People who enjoy Mike and Jean’s morning show (Good Day GTA) must get a kick out of hearing their film critic (yes, me) transform from a confident arbiter of tasteful judgment to a rather restless, somewhat whiny prognosticator every February as the Academy Awards draw near. That’s because my results are laughably low, probably because I vote for the work I like the best—not the obvious choices. But just like Elliott Gould’s character in Robert Altman’s great study of gambling California Split, I do hunger to play the game. I hope that one year my favourites echo that of the Academy’s voters. Hey, this could be the year!
Just to keep all of you in suspense, this list is a part one—the lucky 13 categories. Don’t worry, the complete list will appear in time for Oscar night. My selections appear in bold.
Some of the smart money is going for Selma, a choice that may indeed appeal to the liberal guilt tradition of Academy voters. Most are old enough to remember Martin Luther King’s famous civil rights march in Alabama in the ‘60s.
Others are going for Birdman, an over-the-top look at actors prepping for the premiere of a drama on Broadway. It won Best Picture at the SAG (Screen Actors Guild) celebration last week.
But I’m going for Boyhood, Richard Linklater’s brilliant study of a boy’s life over a 12-year period. We’ll never see another film like this—shot over that length of time. And, miraculously, Boyhood works; you do experience a lad’s growth from youth through adolescence to adulthood. It’s definitely wins the Oscar in my book.
It was Linklater who decided to take the unprecedented gamble of casting and directing Boyhood. Every year for more than a decade, he assembled the cast and crew and came up with an appropriate new chapter in one family’s life. Surely he deserves the Oscar.
Duking it out behind the scenes are Michael Keaton and Eddie Redmayne. No one really thinks anyone else will win this Oscar. So who gets it: old pro Keaton essentially playing himself in Birdman or rising young star Redmayne giving us the life of physicist Stephen Hawking from geeky and fully ambulatory college student to the aging ALS survivor, who now makes pronouncements from a wheelchair? I say “Redmayne.”
Although this may be the toughest category in terms of the quality of choice, it seems the easiest to me. The Academy voters will agree with me that Julianne Moore’s brilliant take on a woman suffering from early onset Alzheimer’s in Still Alice deserves the Oscar. She does, you know…
Some wonderful performances here but the Golden Globes and SAG agree with me: J.K. Simmons will win the Oscar in the role of a lifetime, as an obsessive, driven, charismatic jazz instructor in Whiplash.
Whoo, whoo: that’s the sound of the Patricia Arquette Express train rumbling down the track towards the mic at the Oscar. Get your speech ready, Patricia. Your close-up is about to arrive.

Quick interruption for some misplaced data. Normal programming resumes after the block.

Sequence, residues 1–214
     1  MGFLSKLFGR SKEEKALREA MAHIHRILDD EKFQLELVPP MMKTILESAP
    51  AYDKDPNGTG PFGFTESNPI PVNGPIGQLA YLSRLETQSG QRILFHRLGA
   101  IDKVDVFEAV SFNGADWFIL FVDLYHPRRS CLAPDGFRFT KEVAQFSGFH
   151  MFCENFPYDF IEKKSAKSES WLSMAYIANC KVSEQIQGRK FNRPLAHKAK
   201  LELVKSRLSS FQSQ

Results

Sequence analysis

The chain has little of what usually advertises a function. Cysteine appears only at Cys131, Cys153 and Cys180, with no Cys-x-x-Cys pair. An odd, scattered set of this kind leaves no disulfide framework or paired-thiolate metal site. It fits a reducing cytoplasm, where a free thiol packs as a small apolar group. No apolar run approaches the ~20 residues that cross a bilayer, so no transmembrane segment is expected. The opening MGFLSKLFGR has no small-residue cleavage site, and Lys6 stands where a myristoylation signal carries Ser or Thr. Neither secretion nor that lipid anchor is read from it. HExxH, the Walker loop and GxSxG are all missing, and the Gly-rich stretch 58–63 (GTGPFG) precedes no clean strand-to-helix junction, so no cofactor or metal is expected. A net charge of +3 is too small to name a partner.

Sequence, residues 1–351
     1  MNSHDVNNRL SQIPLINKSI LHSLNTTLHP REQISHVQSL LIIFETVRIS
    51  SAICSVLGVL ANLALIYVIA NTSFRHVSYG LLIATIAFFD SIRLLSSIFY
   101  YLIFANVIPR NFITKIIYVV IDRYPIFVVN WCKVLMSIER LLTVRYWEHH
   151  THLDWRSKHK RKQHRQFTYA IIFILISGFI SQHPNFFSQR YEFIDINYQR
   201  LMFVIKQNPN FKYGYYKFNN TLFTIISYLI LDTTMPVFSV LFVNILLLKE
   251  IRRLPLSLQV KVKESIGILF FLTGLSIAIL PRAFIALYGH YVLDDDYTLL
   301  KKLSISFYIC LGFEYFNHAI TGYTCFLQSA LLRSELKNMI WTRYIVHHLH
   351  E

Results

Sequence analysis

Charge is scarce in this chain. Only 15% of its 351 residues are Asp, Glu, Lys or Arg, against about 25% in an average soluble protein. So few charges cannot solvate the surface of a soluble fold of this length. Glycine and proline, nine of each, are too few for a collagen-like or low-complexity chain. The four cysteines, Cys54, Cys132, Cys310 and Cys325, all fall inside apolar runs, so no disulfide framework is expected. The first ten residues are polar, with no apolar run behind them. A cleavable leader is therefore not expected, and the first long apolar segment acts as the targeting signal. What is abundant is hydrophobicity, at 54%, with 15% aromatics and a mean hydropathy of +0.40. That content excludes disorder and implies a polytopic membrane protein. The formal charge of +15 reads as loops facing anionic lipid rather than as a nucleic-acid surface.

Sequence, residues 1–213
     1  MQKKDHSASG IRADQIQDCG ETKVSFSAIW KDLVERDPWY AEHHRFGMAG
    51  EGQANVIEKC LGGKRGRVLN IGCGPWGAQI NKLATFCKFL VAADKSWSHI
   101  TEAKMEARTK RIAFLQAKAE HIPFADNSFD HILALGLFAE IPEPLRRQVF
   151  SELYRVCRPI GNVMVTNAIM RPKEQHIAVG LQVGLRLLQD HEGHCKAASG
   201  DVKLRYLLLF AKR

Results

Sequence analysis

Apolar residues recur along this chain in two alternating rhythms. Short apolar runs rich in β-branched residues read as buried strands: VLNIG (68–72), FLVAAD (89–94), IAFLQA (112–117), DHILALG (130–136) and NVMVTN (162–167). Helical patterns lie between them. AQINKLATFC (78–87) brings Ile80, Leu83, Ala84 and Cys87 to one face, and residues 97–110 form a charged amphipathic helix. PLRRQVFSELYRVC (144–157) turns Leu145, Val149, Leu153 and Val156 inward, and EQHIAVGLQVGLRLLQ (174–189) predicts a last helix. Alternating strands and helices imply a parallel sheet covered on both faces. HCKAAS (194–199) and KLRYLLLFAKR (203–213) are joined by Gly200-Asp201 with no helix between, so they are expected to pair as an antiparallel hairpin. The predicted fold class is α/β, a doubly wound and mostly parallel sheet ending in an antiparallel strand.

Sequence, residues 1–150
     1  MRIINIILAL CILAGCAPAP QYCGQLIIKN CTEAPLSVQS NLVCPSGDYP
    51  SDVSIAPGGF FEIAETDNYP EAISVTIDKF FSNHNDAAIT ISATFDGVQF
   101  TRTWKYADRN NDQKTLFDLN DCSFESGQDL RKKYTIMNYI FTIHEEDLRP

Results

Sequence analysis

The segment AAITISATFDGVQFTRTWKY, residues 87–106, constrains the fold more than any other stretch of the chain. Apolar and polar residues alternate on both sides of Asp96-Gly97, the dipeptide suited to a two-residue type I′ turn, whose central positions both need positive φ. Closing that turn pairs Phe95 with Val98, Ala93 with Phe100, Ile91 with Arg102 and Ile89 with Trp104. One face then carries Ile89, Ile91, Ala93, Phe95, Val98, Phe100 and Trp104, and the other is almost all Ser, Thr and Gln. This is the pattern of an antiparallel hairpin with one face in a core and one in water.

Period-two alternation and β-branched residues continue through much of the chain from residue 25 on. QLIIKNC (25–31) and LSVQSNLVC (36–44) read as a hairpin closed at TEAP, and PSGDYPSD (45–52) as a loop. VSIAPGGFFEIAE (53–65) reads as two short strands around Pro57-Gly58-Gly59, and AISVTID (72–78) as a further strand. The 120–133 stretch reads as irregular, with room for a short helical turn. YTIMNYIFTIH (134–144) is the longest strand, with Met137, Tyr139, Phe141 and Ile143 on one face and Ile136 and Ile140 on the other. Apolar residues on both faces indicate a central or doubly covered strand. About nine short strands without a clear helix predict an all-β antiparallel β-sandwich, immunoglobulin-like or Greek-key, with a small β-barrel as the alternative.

This will come down to American Sniper vs. Inherent Vice: the soldier boys against the hippies. Only this time the hippies will win. Paul Thomas Anderson’s adaptation of Thomas Pynchon’s Inherent Vice won’t win anything else—heck, Katherine Waterston wasn’t even nominated—but he should garner this one.
This is a two horse race between Birdman and Boyhood. I’m going for a mini-sweep for Boyhood.
This category is always tough to call—all the cinematographers did a fine job. I’m hoping that enough Academy voters will agree with me that Dick Pope’s stunning evocation of the great British painter J.M.W. Turner’s colour palette is the most deserving candidate.
It’s another two-horse race, this time between Into the Woods and The Grand Budapest Hotel. I give it to multiple Oscar winner Colleen Atwood for her lovely evocation of Grimm’s fairy tale characters’ apparel in Into The Woods.
Once again, Into the Woods and The Grand Budapest Hotel are the likely winners and, in this case, I’m inclined to go with Adam Stockhausen’s truly imaginative “look” in The Grand Budapest Hotel.
Ok—everyone is picking Laura Poitras’ insider look into the notorious Edward Snowden Citizenfour so don’t trust my vote for The Salt of the Earth, a truly amazing bio of the life of radical photographer Sebastiao Salgado, co-directed by Wim Wenders and Salgado’s son Juliano. Trust me, it’s a far better film. So, vote for it, Academy!
Once again, I’m going for the best film, the Russian drama Leviathan. Don’t get me wrong: Ida, the likely winner, is a fine candidate. And it’s a Holocaust film, which often sways voters. But it just isn’t as good as the superb Russian film Leviathan. Hope the Academy agrees with me.
Written by Marc Glassman
Adjunct Professor, Ryerson University
Director, Pages UnBound: the festival and series
Editor, POV Magazine
Editor, Montage Magazine
Film Critic, The New Classical 96.3 FM
Film programmer, Planet in Focus
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